It Can Be Different Inside Your Head

Can't seem to focus these days? You could have pandemic brain

Although it may seem obvious to some, it can be a revelation to others when they find out that their inner, mental landscape does not have to be the way that it currently is. For me, that realization came in the form of anxiety medication. I was blown away at the change in thought I was noticing solely from introducing new chemicals into my body. If we haven’t ever experienced a huge mental shift like this, it may not occur to us that it’s even possible to think differently. We assume that this is just the way our minds work, and at least for me, I also assumed everyone else’s mind worked in a similar way.

The universe of experiences you can conceive of really cracks wide open after you realize that vast untapped potential within your own mind. I find it funny that even though change is the only real constant in this world, we all seem to get stuck in the mindset that things will always be the way they are right now. We don’t realize how much change is actually possible and inevitable. It’s not often that we stop and consider the ways in which our own perception of the world around us has the potential to change. Especially if we’ve been stuck in one particular pattern of thought for all of our lives.

I’m writing this post today to help free you from the constraints of your own inner world. Sometimes all it takes is understanding that things can be different. Now, I’m certainly not advocating that everyone reading this start taking an SSRI like I did. That is something for you and your doctor to decide. However, we don’t need medication to experience these brain changes. The same positive results can be achieved with practice and persistence with the help of a therapist or even on our own. These changes may not always be as fast or drastic as the ones noticed after starting a medication, but they are just as significant. We just may have to take the time to reflect on the difference between where we are now and where we were a few years ago.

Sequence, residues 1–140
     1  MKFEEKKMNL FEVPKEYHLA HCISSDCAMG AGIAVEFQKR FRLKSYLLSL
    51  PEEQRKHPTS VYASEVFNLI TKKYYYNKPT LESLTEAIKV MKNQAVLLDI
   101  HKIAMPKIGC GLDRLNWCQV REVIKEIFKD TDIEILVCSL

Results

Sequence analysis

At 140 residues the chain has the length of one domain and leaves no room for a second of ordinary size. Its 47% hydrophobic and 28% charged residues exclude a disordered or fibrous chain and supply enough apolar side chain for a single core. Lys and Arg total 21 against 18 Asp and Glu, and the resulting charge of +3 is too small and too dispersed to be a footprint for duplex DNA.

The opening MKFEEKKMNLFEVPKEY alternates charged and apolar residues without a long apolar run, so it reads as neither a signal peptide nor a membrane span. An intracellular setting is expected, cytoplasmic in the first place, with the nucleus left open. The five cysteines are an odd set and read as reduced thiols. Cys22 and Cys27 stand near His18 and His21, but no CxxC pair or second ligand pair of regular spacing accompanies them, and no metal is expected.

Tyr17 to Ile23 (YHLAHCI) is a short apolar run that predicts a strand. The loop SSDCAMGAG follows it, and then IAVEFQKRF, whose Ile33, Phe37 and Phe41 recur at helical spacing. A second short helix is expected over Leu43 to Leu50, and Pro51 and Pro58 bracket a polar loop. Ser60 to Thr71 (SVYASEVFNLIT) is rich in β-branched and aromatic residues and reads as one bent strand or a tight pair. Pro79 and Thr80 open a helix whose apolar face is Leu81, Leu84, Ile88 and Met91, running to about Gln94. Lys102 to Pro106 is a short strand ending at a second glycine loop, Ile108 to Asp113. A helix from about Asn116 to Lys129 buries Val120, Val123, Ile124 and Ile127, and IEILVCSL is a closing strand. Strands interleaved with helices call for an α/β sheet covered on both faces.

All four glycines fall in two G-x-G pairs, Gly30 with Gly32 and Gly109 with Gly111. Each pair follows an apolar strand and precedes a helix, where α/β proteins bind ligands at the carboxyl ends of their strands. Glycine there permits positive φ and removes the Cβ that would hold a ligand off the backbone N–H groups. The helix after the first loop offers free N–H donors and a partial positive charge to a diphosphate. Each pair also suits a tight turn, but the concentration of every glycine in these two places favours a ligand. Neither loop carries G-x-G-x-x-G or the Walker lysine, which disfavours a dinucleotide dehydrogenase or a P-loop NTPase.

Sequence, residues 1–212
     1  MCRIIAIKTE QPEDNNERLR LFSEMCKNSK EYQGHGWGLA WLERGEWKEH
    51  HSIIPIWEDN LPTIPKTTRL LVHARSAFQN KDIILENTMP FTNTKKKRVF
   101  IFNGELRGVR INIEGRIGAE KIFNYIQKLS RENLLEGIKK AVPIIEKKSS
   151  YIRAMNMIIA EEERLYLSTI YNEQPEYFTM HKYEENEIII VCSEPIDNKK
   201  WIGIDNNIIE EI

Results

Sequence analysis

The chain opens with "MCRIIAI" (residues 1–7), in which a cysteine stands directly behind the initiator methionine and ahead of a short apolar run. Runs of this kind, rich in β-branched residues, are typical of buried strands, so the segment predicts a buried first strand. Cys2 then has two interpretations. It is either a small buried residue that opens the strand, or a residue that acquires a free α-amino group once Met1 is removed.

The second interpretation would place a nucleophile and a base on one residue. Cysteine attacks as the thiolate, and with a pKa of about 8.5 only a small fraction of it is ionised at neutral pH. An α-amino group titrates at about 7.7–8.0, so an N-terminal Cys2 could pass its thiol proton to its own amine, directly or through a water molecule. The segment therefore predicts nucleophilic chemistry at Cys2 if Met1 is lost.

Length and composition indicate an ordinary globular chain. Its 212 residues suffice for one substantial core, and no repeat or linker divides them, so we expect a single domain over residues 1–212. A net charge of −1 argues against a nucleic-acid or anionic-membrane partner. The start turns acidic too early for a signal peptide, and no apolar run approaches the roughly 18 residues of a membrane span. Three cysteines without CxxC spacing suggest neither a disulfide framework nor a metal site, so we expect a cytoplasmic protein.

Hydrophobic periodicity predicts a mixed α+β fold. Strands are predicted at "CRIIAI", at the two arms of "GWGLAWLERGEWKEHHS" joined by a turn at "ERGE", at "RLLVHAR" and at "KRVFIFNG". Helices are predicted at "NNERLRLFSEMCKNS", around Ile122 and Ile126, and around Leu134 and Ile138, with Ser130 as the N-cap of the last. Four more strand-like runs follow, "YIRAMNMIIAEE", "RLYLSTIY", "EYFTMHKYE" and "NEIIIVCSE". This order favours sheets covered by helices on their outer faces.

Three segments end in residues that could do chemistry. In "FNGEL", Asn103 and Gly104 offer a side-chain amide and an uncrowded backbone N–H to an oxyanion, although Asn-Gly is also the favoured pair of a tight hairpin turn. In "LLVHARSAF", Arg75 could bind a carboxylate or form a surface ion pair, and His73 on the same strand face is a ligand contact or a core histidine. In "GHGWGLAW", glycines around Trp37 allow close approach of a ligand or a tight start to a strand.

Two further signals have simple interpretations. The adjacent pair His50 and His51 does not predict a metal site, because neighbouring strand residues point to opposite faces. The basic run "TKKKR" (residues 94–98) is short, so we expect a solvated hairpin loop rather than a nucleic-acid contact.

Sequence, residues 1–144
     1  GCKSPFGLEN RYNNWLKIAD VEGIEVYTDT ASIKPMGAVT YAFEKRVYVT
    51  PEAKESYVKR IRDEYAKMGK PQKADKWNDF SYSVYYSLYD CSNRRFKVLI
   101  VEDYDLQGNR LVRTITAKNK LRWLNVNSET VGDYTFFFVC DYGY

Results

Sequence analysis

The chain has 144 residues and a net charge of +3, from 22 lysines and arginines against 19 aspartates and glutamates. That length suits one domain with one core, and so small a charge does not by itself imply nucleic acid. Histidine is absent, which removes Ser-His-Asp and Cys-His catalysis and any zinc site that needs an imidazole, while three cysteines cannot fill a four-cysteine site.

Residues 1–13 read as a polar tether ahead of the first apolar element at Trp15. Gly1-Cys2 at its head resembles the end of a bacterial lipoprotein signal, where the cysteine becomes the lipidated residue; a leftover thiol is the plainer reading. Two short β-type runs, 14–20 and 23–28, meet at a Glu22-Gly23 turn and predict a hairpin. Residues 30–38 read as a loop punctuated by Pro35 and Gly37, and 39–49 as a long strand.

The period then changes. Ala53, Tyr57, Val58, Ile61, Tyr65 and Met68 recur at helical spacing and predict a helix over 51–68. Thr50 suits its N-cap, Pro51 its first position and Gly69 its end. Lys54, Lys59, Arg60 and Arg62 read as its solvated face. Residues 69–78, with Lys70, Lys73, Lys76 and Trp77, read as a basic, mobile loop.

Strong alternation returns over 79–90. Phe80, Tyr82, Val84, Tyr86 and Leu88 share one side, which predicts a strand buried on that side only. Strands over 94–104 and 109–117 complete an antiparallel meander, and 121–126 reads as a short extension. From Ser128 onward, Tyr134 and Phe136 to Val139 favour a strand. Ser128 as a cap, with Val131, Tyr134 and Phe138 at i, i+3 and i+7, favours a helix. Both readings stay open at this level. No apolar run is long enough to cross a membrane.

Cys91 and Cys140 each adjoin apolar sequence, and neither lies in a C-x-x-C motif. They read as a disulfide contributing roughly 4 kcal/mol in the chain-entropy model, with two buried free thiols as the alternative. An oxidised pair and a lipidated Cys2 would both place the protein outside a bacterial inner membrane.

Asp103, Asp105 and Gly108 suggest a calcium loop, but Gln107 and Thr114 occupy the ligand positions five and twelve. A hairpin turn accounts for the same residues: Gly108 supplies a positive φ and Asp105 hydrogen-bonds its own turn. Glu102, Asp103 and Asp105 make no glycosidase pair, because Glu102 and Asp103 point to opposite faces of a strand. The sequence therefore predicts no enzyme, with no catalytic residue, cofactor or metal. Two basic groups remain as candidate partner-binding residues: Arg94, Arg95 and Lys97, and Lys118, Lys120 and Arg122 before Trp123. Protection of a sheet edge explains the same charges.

This is where I believe the misconception of “choice” comes in. I used to become so frustrated when I’d hear people say, “You’ve just got to decide to be happy” or “We get to choose how we react to the things that happen in our lives.” Up until a few years ago, it didn’t feel like I had a choice at all. Not only that, I felt as if I was being blamed for the unpleasant emotional experiences I was having even though I didn’t want to be having them.

Even though I can now see the truth in these statements, I still think the language we use to present these ideas needs some tweaking. In the beginning, we may not have a choice in how we feel. After running on autopilot for most of our lives, it isn’t going to be easy to switch off those largely unconscious reactions. It takes a lot of work to train the mental muscles we need to redirect ourselves and start dismantling those automatic responses. Not only that, but it takes a lot of time before that work actually starts to make a noticeable difference. Think of it like a ship crossing the ocean. Even though you’re moving forward and making progress, it is going to look the same for a good long while. One day the shore will finally appear though. You may not even know what to expect in this foreign land, but just keep going. Trust that you will see dry ground eventually.

Without understanding this, a lot of people give up on themselves before even starting or before they’ve taken the time to set the groundwork for visible results. It’s important that we remind people that even though it is a long, difficult journey, it’s worth it, and with consistency and dedication, change is inevitable. The only thing you need to do is believe in yourself and the science enough to take the first step.

Finally, realizing how much the inner workings of our own minds can change has also allowed me to offer others more grace. When you imagine that for the most part we all think in a similar way, it can be downright infuriating when people behave in ways or think things that we cannot understand. It is humbling to acknowledge that we have no idea what is going on in the minds of those around us. Not only does it help me accept the differences I see in others, it also fills me with excitement and curiosity. What might it be like inside someone else’s head?